It is encouraging that the greatest improvements in access have been made in provinces which performed worst in 2002: the Eastern Cape (where the proportion of children with poor access to health facilities dropped from 53% in 2002 to 24% in 2017), KwaZulu-Natal (down from 48% to 30%), Limpopo (from 42% to 23%) and North West (from 39% to 25%) over the 16-year period. Provinces with the highest rates of access are the largely metropolitan provinces of the Western Cape (where only 6% of children live far from their usual health care service) and Gauteng (8%).

There are also significant differences between population groups. A quarter (22%) of African children travel far to reach a health care facility, compared with between 6%, 8% and 9% of Indian, White and Coloured children respectively. Racial inequalities are amplified by access to transport: if in need of medical attention, 90% of White children would be transported to their health facility in a private car, compared with only 10% of African children and 23% of Coloured children.

Poor children bear the greatest burden of disease, due to undernutrition and poorer living conditions and access to services (water and sanitation). Yet health facilities are least accessible to the poor. More than a quarter of children (28%) in the poorest 20% of households have to travel far to access health care, compared with 7% of children in the richest 20% of households.
There are no significant differences in patterns of access to health facilities when comparing children of different sex and age groups.

1 Jones G, Steketee RW, Black RE, Bhutta ZA, Morris SS & Bellagio Child Survival Study Group (2003) How many deaths can we prevent this year? The Lancet, 362(9977): 65-71.

2 United Nations Economic and Social Council (2000) International Covenant on Economic, Social and Cultural Rights, Article 12: The Right to the Highest Attainable Standard of Health: General Comment No. 14. Geneva: Committee on Economic, Social and Cultural Rights.

3 McLaren Z, Ardington C & Leibbrandt M (2013) Distance as a Barrier to Health Care Access in South Africa. A Southern Africa Labour and Development Research Unit Working Paper 97. Cape Town: SALDRU, UCT.

4 Own Analysis of General Household Survey 2015.
The General Household Survey asks: “How long does it take when using the usual means of transport to get to the health facility that your household normally goes to?”

For purposes of this indicator, where respondents indicate that children would have to travel more than 30 minutes to their usual health facility, the distance is categorised as “far”. In cases where children would spend 30 minutes or less to reach their health care facility, the distance is categorised as “not far”. Amongst households with children, only 8% do not usually attend their nearest health facility. And within the poorest 40% of households, only 5% do not use their nearest facility. The main reasons for attending a more distant health service relate to choices based on perceptions of quality: preference for a private doctor, long waiting times at clinics, non-availability of medicines.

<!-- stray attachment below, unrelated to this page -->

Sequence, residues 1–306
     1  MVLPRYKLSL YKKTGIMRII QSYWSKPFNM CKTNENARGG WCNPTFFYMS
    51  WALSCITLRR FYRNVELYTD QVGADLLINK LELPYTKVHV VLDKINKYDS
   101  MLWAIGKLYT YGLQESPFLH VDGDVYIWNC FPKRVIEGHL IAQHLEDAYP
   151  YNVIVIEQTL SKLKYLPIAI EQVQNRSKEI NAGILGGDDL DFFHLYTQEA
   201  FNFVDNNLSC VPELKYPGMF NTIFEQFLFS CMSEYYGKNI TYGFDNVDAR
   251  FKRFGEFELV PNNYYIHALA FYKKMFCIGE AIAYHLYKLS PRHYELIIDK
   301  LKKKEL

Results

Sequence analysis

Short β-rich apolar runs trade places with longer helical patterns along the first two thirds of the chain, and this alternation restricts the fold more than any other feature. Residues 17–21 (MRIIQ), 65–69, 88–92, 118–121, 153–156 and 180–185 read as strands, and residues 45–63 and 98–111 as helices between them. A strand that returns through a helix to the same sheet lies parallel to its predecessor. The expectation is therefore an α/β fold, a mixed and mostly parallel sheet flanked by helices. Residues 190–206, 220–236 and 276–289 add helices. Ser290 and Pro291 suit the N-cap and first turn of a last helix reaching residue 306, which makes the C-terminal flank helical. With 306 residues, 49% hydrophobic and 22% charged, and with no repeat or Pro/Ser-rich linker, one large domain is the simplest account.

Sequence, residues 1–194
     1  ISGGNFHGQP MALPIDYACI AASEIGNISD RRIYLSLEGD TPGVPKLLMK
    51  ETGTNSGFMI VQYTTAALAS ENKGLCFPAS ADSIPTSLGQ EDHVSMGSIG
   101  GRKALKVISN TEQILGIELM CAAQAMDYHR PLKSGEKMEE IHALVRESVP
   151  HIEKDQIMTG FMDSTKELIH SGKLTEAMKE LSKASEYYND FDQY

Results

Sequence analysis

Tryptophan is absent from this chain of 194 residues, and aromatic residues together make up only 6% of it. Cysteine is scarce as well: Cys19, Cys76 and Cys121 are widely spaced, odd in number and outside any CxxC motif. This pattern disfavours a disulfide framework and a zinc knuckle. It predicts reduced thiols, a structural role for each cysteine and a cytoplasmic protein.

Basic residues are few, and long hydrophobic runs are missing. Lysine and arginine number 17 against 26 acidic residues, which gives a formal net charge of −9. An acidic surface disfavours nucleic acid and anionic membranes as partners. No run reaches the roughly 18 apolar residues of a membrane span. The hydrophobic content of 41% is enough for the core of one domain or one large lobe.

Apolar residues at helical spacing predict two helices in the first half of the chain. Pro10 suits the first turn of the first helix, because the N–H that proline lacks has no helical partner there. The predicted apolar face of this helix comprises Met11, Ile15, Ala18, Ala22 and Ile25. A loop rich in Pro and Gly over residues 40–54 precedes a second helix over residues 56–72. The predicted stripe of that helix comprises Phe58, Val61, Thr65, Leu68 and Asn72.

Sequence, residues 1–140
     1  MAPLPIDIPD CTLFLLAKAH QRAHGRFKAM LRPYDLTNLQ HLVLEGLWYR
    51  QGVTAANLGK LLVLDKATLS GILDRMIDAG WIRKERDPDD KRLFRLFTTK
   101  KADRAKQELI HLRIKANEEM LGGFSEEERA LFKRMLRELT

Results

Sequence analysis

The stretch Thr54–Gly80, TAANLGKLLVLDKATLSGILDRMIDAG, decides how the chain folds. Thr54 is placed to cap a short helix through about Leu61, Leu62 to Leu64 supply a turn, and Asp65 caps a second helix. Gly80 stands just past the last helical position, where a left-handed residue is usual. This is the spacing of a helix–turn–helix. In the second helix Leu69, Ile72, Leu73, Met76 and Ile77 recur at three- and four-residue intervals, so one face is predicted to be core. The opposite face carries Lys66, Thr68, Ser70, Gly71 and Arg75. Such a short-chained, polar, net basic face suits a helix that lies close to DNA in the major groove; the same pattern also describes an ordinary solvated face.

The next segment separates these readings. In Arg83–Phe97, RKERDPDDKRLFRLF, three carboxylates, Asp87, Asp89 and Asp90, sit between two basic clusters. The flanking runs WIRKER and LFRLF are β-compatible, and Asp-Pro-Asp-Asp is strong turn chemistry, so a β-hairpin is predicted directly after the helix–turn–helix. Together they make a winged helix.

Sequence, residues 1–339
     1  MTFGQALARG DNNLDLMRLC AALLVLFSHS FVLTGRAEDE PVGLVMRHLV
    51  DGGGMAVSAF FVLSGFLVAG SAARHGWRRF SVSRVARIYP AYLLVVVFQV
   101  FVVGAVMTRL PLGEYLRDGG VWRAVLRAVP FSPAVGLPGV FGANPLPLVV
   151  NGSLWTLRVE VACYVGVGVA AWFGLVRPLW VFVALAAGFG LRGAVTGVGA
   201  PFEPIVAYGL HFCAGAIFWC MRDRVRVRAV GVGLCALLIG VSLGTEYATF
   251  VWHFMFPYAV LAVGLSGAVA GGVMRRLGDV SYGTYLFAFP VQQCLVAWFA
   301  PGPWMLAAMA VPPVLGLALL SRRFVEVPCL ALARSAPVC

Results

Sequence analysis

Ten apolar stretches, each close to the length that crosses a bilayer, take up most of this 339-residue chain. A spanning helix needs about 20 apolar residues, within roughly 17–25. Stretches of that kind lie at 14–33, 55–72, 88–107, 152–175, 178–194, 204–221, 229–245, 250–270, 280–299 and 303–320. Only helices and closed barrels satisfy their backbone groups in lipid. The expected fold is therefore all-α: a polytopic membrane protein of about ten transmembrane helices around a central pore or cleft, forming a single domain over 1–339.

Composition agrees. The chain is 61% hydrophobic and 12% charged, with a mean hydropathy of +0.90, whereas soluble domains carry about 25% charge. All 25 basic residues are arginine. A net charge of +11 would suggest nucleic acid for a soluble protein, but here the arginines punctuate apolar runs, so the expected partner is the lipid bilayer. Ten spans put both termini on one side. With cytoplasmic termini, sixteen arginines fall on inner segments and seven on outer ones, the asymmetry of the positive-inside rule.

Data from 2009 onwards may not be be directly comparable with that of previous years, due to a change in question formulation in the General Household Survey. From 2002 to 2008, the survey asked: "How long in minutes does it take or would it take, from here [home] to reach the nearest clinic using the usual means of transport?" 

For purposes of measuring and monitoring persistent racial inequality, population groups are defined as 'African', 'Coloured', 'Indian', and 'White'.
The numbers are derived from the General Household Survey, a multi-purpose annual survey conducted by the national statistical agency, Statistics South Africa, to collect information on a range of topics from households in the country’s nine provinces. The survey uses a sample of 30,000 households. These are drawn from Census enumeration areas using multi-stage stratified sampling and probability proportional to size principles. The resulting estimates should be representative of all households in South Africa.

The GHS sample consists of households and does not cover other collective institutionalised living-quarters such as boarding schools, orphanages, students’ hostels, old-age homes, hospitals, prisons, military barracks and workers’ hostels. These exclusions should not have a noticeable impact on the findings in respect of children.